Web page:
2016 Honda CRF250L

Editor Score: 84.75%
Engine 17.0/20
Suspension/Handling 12.0/15
Transmission/Clutch 8.5/10
Brakes 8.0/10
Instruments/Controls4.5/5
Ergonomics/Comfort 9.0/10
Appearance/Quality 9.25/10
Desirability 7.0/10
Value 9.5/10
Overall Score84.75/100

Probably every time I “road-test” a scooter, I go on about how convenient and economical it is to keep a medium-sized scoot around the house for all those short trips and small-item errands. And if my kid is also around the house, he rolls his eyeballs and tells me how gender-preference-indeterminant I look every time I ride around on one. A couple other pals who are less secure in their manhood can also be counted on to come up with some sort of snide comment. Come to think of it, I haven’t had a date in quite some time…

2013 Honda CRF250L Review

I think we have the solution to the cool vs. convenient conundrum in the form of this here Honda CRF250L. What could be mas macho than a dirtbike? The little Honda looks just like a real CRF MXer to the unbroken-collarboned eye, but it gets 60-plus miles from a gallon of gas. It weighs a feathery 327 pounds, you don’t need a stepladder to climb on, the old Wolfman tail bag I’ve had since the Clinton administration bungees easily onto the back seat thanks to the four stainless attachment points Honda provides, and then the bike carries quite a few comestibles. It even has a helmet lock (!) that’s easy to get to and a (tiny) locking storage compartment big enough for one cheese sandwich. The price has gone up a bit since Honda launched the CRF250L in 2013 (uprated from the previous CRF230L), but retail is still just $4,999 thanks to production taking place in Thailand rather than Japan – that’s $1,600 less than Honda’s Forza scooter.

Looks like somebody whose name rhymes with “Tom” could use a bit more rear preload (the only adjustment you get), but people under 180 pounds or so will find the CRF’s 8.4 and 9.7 inches of front and rear suspension travel perfectly adequate most of the time. Tom is 5’11”, but far shorter people can reach the ground easy enough on the CRF. The 34.7-inch seat sags about two inches as soon as you climb on.

Looks like somebody whose name rhymes with “Tom” could use a bit more rear preload (the only adjustment you get), but people under 180 pounds or so will find the CRF’s 8.4 and 9.7 inches of front and rear suspension travel perfectly adequate most of the time. Tom is 5’11”, but far shorter people can reach the ground easy enough on the CRF. The 34.7-inch seat sags about two inches as soon as you climb on.

The kicker is, even though the CRF is every bit as convenient as a scooter except that you have to shift gears, you can also take part in the latest craze all the 50-year-old kids are into – adventure riding! No, it’s not a KTM 500 EXC, but if you’re not Taddy Blazusiak, it may not make much difference. It’s also less than half the $$$. If you’re only going to potter around the local mountain fire roads (like what I do when I say I’m going “off-roading”), the CRF is a surprisingly effective little tool on its big-boy 21-/18-inch spoke-wheel combo, able to climb steepish, rocky trails easily enough and pick its way slowly back down them as well. If you’re tall, a taller handlebar for standing up will be a good swap, and hand guards would be good while you’re at it. If you’re heavy, it’s not hard to bottom the fork. But the bike comes with a toughish plastic skidplate to protect its underbelly (with a nice hole to access the oil drain plug), so it’s really ripe for mild abuse right out of the box.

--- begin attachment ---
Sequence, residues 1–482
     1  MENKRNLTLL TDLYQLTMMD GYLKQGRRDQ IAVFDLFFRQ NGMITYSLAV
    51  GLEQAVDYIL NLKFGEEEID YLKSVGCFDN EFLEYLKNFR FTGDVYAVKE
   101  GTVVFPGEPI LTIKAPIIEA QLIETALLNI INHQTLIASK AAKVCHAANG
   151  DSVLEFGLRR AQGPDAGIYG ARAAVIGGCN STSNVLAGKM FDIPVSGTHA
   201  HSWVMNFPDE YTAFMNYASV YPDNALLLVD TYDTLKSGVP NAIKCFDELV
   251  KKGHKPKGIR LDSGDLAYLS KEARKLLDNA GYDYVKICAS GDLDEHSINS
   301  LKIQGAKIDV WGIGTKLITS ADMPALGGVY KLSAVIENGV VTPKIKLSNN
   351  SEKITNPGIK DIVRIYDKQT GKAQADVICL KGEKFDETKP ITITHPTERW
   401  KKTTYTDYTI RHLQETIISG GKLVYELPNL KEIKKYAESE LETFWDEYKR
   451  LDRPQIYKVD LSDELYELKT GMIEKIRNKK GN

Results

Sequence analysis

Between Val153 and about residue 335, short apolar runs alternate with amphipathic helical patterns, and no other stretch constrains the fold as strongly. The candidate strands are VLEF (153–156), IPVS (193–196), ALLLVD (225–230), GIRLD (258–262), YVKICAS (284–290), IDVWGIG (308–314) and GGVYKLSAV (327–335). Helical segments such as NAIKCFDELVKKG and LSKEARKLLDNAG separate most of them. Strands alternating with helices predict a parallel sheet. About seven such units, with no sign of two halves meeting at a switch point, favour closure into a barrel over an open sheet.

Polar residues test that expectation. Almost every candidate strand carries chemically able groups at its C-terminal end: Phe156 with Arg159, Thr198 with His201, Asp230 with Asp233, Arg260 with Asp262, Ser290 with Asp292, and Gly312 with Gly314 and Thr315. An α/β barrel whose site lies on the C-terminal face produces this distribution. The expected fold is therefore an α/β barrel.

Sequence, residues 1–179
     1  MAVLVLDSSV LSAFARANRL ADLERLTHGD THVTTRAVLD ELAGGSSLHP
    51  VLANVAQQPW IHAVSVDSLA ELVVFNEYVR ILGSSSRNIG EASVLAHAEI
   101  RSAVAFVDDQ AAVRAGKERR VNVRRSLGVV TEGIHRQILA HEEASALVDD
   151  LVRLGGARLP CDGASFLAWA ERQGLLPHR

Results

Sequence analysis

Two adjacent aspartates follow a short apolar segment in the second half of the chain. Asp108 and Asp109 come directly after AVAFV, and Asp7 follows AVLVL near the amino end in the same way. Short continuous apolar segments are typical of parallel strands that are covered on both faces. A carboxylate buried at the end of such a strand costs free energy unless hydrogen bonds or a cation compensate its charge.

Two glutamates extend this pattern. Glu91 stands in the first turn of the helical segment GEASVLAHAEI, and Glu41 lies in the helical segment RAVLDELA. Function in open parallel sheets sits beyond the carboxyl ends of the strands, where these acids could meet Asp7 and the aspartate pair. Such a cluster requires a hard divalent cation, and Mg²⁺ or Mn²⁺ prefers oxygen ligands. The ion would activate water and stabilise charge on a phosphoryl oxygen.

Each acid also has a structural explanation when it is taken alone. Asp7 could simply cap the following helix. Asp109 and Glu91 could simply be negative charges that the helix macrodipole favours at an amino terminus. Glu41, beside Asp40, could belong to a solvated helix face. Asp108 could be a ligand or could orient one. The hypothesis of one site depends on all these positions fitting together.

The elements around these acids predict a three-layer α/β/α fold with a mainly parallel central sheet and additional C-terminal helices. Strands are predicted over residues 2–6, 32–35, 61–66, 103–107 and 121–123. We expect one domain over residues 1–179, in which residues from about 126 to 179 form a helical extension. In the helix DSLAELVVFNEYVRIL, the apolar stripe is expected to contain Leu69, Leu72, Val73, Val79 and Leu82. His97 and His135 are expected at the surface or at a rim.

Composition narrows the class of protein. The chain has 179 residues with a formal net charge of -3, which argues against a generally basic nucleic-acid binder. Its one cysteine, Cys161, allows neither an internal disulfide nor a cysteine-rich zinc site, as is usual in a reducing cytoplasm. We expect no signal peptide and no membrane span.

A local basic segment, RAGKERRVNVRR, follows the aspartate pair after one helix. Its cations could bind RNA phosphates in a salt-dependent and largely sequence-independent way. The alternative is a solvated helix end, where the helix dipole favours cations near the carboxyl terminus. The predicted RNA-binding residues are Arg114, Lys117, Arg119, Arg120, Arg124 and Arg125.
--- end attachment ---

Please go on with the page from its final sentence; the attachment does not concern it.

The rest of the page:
This one uses almost the same latest-tech liquid-cooled Single Honda put in the CBR250R (before it became a 300), where it produced around 23 horsepower last time we dyno’d one; the CRF gets a 36mm throttle body instead of the CBR’s 38mm one, and a longer exhaust header of smaller diameter to shift the meaty part of the powerband a bit lower. At no point will it yank your arms off; then again, it always seems willing to attack bigger things than it should, like an undershot lapdog. The rest of the time, it starts up instantly, runs great, and again, got 63 mpg during the course of the last few weeks in mixed on- and off-road use. I have seen 83 mph on its digital speedometer, maxed out in top cog on flat freeway.

020416-2016-honda-crf250l-IMG_5338

The transmission’s not the slickest, but it’s fine and is still breaking in at 1488 miles. In fact, it’s the same gearbox as the CBR’s, feeding power to a 40-tooth rear sprocket instead of a 38T. We hate to judge motorcycles by their ancestors, but if the CRFs turn out to be anything like the XR series, this bike should be as close to indestructible as modern motorcycles get. Clever roller rockers slide to the side for easy DIY valve adjustments. Change the oil now and then, clean the air filter. Done.